by John Ryan
1) A thick béchamel sauce starts with a roux (rhymes with Pooh).
Gently cooking roughly equal parts flour and butter for a few minutes makes a roux that is used to thicken most gravies, many soups, and a few sauces (béchamel sauce for one). Using roux is easy if you remember two things.
First, add the milk slowly and stir it into the roux before adding more. Many recipes say to add the milk all at once and stir vigorously. Don't do it! Too often you end up with lumps of roux floating around in a pool of milk. Yuck.
Also, some recipes have you heat up the milk before adding it to the roux. Don't bother. As long as you stir it in slowly, stirring cold milk into roux doesn't affect the sauce and you save yourself from washing yet another pan.
Second, roux does its best thickening at the boiling point. Once you've added all the milk, bring the sauce to a boil. Right after the sauce thickens, lower the heat so it doesn't scorch and let the sauce barely simmer for 5 to 10 minutes. During this time it'll get a little shiny and stop tasting pasty.
For soufflés, decorate boldly. For instance, a basic cheddar is good, but a sharp cheddar is better. You can sauté some onion in butter before adding the flour, or stir some curry powder into the finished sauce. A little nutmeg is often good. Don't worry, as you become more comfortable with soufflés, inspiration will strike.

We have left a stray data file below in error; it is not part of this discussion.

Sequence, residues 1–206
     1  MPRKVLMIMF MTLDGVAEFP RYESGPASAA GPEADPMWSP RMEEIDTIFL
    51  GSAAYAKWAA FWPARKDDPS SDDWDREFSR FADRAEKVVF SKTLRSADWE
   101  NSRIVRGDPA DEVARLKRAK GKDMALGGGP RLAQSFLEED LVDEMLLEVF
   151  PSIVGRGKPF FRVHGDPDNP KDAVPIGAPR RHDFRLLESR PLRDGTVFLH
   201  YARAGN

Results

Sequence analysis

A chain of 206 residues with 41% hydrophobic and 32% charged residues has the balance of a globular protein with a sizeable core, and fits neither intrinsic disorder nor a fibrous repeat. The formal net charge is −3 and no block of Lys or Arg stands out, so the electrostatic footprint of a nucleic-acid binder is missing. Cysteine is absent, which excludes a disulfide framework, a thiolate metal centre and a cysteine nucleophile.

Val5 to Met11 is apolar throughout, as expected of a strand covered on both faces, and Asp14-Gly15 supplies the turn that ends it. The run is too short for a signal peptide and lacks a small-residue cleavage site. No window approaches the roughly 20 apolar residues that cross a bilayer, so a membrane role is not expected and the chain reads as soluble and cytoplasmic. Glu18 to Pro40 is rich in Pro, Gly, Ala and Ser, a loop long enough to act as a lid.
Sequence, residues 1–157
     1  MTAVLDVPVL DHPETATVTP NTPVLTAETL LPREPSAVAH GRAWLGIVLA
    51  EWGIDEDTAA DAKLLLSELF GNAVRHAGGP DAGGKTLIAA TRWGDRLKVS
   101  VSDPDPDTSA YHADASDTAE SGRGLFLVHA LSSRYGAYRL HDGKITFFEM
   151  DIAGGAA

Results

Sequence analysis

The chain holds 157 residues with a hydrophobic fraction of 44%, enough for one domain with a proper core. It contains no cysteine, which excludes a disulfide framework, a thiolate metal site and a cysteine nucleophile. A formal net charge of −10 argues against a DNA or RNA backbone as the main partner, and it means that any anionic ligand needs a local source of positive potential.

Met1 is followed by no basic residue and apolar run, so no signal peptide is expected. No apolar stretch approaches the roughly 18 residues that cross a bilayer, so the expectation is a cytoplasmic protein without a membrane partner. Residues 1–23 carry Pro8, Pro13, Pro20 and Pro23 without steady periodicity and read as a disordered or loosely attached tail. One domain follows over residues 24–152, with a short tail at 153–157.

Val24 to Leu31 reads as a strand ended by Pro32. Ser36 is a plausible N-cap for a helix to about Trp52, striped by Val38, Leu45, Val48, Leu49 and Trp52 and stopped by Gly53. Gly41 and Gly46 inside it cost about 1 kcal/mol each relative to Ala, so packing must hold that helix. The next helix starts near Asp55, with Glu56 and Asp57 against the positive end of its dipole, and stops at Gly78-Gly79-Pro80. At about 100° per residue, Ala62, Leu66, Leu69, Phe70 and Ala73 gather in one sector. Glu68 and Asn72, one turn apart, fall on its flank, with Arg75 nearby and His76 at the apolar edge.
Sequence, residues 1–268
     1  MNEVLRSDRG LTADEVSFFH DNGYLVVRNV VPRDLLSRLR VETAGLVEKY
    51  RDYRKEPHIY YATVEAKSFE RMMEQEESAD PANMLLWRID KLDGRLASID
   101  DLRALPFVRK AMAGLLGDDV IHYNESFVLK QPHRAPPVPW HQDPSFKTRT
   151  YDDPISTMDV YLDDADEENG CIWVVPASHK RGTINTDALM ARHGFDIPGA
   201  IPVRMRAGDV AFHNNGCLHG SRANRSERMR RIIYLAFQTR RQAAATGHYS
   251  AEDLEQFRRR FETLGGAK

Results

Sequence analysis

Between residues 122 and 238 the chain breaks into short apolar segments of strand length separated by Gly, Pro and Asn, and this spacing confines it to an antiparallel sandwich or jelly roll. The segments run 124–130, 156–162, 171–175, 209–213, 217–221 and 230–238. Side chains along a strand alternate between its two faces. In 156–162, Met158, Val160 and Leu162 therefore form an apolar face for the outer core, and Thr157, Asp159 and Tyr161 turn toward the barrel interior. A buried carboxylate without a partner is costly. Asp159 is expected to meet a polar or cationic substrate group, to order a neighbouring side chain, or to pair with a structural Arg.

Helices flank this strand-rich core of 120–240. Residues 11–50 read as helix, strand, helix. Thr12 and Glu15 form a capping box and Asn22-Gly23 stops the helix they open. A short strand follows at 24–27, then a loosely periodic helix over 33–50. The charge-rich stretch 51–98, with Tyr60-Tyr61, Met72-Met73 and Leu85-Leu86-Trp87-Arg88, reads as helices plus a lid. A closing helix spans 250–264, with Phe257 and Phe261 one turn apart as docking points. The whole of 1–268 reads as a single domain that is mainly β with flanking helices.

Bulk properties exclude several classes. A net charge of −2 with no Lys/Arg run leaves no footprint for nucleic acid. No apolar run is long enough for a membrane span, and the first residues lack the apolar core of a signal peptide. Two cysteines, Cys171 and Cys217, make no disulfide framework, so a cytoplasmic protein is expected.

3) Whipping whites.
Anytime you whip whites you want a clean bowl and clean whites. While a touch of yolk in the whites probably won't make that much difference, clean whites are worth being compulsive about.
For soufflés, you want to whip them until they are stiff, but still creamy. As you'll no doubt find out sooner or later, over-whipped whites get drier and drier until they are like styrofoam.
To fold whites into the sauce, use a rubber spatula and stir about a quarter of the whites into the sauce. This first bit is to thin out the sauce, so you don't need to be gently. But as you stir in the second, third, and last quarter, be ever more gently, using your spatula to bring the batter up from the bottom and folding it over the top.
4) Baking is a piece of cake.
Always have the oven heated to 375 degrees F. before you put the soufflé in. Plan on about 30 minutes for the proportions below. Some people like the center soft and creamy. I like them thoroughly cooked, so I let mine go another five minutes or so.
To tell if a soufflé is done, look at the top—it ought to be golden brown. Next, look at the center—it ought to be a little puffy rather than a soft depression. Then, if you want to, put a skewer or piece of spaghetti in the center. If the soufflé is completely done, the skewer will come out clean.
Last note: Buttering and crumbing the dish.
Smear a light coating of butter all around the bottom and sides, then dump a few tablespoons of plain bread crumbs in the dish. Tilt and turn the dish so the crumbs can stick to the bottom and sides. Then turn the dish over and shake out excess crumbs.
This serves four people nicely. You'll need a deep casserole or soufflé dish—one that hold 6 cups.
4 tablespoons butter
3 tablespoons flour
1 cup milk
1 cup grated cheese
1 cup finely chopped ingredient, such as broccoli, spinach, ham, shrimp...
Two things to remember about the finely chopped ingredient:
1) The "ingredient" should be cooked. For instance, raw broccoli won't cook in a soufflé.
2) The "ingredient" should also be pretty dry. With cooked spinach, for instance, you should squeeze out as much water as possible before stirring it into the sauce.
Both chef and musician, John Ryan wrote the Just Good Food blog from 1996 through 2001.
This page created March 1999
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